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Life’s Coloring Book

We old codgers need naps. Heck, when one gets up every morning at five o’clock to welcome the little grandkiddies in for a long day of babysitting, you’d need a nap too. Well, recently, as Walzie was off in a turkey hunting dream, and I’m sure I was off in some exotic land wearing a grass skirt and a coconut bra doing the Hula for some hunky pool boy, we were abruptly awakened by a loud buzzing sound shooting past our bedroom window. I jumped up, threw up the shade, and caught a glimpse of the neighbor boy on his new motorcycle as he disappeared off in a cloud of dust.
“Oh my,” I said to Walzie as he squinted through one eye, “Michael got a motorcycle.”
“Golly, that scares me to death,” he moaned, sounding like the boy’s mother.
Walzie is obviously not a huge motorcycle fan. Several years ago, his brother married a motorcycle mama on a Harley – yes, they got married sitting on their matching Harley Davidson Sportster’s and yes, she was well schooled in the ways of being a biker’s mama – tattoos, leathers, chains, dangling cigarette, the whole shebang. Shortly after the Harley honeymoon complete with Hell’s Angels and all, Don brought her to meet us – on their Harley’s of course.
“Hey, big brother, you wanna ride my bike?” Don asked.
I knew Walzie’s heart was pounding. But not wanting to look wimpy in his brother’s eyes (and the mama’s) he straddled the Harley and stomped on the kick starter. The bike roared with that distinctive Harley rumble. He slipped it in gear, twisted the throttle, the bike leaped onto its back wheel, and Walzie did a wheelie from here to eternity. Okay, eternity might be exaggerating a bit, from here to the red briar patch across the yard.
“Don’t scratch my bike,” the brother shouted.
“Do you want me to show you how to ride that thing?” Mama smugly offered.
“Just get me the #@$$ outta here,” resonated from the briar patch. “I’m not Briar Rabbit, you know!”
Walzie looked like the loser in a cat fight. From that time on he was not a fan of motorcycles.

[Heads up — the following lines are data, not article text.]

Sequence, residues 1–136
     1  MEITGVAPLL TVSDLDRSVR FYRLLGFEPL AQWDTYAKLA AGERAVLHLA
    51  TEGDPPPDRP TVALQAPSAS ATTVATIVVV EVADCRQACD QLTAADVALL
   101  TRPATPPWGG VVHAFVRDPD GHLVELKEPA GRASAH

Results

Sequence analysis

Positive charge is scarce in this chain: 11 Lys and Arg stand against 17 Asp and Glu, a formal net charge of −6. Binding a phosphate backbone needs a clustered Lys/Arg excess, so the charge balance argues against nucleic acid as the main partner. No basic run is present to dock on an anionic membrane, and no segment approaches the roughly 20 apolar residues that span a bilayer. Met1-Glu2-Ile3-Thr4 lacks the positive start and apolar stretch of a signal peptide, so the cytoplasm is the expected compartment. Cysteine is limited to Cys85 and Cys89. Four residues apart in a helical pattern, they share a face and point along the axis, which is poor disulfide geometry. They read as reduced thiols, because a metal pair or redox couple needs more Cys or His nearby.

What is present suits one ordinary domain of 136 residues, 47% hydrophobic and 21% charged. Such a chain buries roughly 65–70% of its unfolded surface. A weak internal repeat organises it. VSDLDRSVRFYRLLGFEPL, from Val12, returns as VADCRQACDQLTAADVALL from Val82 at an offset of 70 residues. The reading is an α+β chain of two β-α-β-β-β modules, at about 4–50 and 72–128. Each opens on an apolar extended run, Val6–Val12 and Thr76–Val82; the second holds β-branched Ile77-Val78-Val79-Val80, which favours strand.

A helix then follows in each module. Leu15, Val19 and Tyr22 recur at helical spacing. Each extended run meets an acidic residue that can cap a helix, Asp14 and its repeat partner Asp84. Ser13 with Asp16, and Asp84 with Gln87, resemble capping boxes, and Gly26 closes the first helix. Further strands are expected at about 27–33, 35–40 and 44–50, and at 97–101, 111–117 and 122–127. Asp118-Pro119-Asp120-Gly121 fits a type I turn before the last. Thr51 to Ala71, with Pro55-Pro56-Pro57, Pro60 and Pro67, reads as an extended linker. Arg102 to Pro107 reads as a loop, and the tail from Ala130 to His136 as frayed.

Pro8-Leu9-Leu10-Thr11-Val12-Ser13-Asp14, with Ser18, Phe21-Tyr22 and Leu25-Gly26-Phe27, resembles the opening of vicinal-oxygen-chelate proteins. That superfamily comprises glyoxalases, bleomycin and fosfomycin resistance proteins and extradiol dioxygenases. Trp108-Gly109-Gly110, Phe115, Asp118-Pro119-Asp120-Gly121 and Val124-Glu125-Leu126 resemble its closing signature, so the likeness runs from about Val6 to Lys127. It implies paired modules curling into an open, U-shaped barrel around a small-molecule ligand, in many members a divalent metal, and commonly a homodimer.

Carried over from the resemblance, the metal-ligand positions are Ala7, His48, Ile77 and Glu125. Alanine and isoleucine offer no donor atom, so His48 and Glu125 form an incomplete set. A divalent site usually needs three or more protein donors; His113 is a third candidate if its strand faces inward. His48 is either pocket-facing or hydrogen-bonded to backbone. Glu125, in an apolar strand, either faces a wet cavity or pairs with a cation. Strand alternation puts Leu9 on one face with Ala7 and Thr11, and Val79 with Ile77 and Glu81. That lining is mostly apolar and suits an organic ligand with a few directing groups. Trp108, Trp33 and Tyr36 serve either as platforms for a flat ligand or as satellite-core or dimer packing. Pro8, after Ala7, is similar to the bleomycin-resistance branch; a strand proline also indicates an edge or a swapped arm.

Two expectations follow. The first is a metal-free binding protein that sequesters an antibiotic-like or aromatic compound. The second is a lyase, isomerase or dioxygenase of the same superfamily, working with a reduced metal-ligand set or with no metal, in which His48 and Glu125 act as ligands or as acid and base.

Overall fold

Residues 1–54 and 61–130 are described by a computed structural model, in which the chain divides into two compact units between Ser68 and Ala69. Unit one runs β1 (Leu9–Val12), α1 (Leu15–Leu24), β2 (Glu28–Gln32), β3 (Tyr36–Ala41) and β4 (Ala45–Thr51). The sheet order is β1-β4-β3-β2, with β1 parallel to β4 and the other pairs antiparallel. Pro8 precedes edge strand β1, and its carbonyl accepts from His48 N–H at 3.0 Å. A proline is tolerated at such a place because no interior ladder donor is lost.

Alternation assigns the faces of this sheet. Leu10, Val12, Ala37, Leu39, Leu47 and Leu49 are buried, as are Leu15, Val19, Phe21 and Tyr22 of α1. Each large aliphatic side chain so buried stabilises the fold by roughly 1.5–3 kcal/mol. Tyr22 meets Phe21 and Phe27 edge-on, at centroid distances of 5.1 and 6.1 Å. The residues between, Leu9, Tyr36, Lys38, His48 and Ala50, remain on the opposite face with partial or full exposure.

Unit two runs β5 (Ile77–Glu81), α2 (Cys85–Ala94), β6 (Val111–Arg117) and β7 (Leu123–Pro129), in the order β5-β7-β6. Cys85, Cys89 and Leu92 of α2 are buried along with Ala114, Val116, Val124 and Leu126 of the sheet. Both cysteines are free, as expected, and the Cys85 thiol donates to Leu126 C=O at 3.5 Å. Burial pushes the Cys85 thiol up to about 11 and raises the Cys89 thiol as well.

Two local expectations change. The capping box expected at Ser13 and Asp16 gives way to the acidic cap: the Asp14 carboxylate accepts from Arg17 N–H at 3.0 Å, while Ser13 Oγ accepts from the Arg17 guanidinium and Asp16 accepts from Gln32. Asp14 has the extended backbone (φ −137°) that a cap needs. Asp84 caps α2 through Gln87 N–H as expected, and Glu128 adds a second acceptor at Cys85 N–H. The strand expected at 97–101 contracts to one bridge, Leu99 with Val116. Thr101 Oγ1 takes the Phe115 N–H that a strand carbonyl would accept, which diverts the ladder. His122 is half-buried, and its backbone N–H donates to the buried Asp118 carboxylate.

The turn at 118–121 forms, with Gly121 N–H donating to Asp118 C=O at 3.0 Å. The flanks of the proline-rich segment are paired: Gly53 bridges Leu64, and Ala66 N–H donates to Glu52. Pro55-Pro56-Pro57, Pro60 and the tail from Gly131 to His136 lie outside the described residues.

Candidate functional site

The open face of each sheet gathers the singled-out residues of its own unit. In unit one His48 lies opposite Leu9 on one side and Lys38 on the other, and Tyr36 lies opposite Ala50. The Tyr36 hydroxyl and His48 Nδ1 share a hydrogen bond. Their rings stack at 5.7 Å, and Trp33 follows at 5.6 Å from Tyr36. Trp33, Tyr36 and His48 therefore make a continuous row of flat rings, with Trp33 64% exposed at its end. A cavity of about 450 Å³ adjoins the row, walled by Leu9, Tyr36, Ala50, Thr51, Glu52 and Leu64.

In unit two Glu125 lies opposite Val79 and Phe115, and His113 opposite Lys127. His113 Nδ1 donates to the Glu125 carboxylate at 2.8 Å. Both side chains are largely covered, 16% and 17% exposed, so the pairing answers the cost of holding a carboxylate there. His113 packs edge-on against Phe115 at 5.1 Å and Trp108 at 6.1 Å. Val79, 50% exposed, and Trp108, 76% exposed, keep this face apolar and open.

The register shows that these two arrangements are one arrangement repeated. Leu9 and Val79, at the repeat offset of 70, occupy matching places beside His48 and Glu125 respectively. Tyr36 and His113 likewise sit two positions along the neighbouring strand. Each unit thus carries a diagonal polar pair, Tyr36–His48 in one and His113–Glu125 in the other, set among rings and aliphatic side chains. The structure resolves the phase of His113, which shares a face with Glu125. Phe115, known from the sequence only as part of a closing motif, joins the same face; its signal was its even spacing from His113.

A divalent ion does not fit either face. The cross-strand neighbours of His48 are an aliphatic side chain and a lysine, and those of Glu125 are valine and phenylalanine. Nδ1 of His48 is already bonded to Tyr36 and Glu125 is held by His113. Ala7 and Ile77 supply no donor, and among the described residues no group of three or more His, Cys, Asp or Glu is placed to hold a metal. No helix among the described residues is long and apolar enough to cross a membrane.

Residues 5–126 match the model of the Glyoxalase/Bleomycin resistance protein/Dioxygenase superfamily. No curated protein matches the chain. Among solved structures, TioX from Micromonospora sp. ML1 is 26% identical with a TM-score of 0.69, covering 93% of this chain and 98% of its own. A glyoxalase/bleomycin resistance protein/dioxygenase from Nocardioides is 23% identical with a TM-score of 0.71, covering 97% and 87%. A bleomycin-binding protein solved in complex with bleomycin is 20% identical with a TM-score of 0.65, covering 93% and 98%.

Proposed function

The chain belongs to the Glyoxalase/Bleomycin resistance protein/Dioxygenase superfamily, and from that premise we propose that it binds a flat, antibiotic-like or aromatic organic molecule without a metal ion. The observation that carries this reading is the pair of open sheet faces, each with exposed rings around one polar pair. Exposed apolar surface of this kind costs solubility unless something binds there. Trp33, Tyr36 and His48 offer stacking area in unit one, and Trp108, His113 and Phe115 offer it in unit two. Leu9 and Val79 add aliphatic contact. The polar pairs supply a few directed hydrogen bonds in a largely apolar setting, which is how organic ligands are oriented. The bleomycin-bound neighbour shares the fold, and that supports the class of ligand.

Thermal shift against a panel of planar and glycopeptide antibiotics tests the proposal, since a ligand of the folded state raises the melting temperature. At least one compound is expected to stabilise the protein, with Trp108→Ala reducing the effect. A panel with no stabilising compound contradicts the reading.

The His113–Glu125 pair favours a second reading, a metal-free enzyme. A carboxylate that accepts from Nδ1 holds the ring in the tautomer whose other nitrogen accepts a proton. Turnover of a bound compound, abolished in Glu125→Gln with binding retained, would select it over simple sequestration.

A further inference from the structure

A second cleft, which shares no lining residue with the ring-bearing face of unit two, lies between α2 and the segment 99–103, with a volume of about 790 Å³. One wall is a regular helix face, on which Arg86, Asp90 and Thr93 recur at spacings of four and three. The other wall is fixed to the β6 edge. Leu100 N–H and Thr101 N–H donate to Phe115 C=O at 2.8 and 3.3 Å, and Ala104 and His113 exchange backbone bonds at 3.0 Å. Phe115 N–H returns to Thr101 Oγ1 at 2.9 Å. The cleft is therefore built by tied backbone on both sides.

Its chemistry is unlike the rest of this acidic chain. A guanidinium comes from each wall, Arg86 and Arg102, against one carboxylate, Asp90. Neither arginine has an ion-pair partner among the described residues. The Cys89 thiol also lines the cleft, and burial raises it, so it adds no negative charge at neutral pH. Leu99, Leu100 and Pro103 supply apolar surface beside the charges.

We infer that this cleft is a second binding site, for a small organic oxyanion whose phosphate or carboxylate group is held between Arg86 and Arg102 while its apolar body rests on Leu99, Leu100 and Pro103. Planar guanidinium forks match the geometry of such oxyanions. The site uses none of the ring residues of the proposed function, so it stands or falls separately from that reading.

As for me, yeah, I went through the motorcycle phase, too. My first husband loved his Harley. (Yes, there was a husband number one back when I was young and knew everything, but we won’t go there.) We spent our summers in Port Matilda at the motorcycle scramble races. Looking back, I don’t think it was the bikes so much as the bikers that infatuated me (but we better not go there either). Anyway, my mother always referred to motorcycles as “darned old killer machines”. I’d grin at her and then plop my behind on the back of that Harley and ride off into the sunset with my Peter Fonda. Until the day that Harley slid from under us on a patch of hot tar, and I tumbled a hundred feet down the highway in front of Peters’ Grocery Store while on our way to the Lion’s Inn for a Belly Buster. Believe me, I left a lot of skin on that blacktop and carried painful road rash around for several weeks. (Never did get that Belly Buster, got a butt buster instead.) Since then, I’ve always been a little leery of motorcycles, too.  Guess I didn’t make a very good motorcycle mama. (Whew! Glad I outgrew that phase!)
Just a few summers ago, our son, Jason, sprung it on us that he was buying a crotch rocket. Yes, this is the son with the three little boys and a whole wagonload of responsibilities. Oh yeah, it’s a gas saving thing, he proclaimed. Maybe so, but it scared us to death. A few months later, he showed up at a birthday party with his arm in a sling and road rash all over (you see, Jason wasn’t aware that I knew all about road rash).
“What the #$@% happened to you?” his dad questioned anxiously.
“Nuttin!”
“Come on, Jason,” Walzie said. “Don’t even try to lie out of it. It was that darned old killer machine, wasn’t it?”
I was hearing my mother all over again.
“Well, you should see the stupid dog,” Jason surmised. Shortly after he repaired the bike, we saw the ad in the Bargain Sheet. The crotch rocket was sold. Whew!
So now you see when every time the neighbor busses past our window on his motorcycle, Walzie and I cringe. Michael waves and Walzie shouts, “be careful, Michael, stay clear of dogs, hot tar, and red briars.”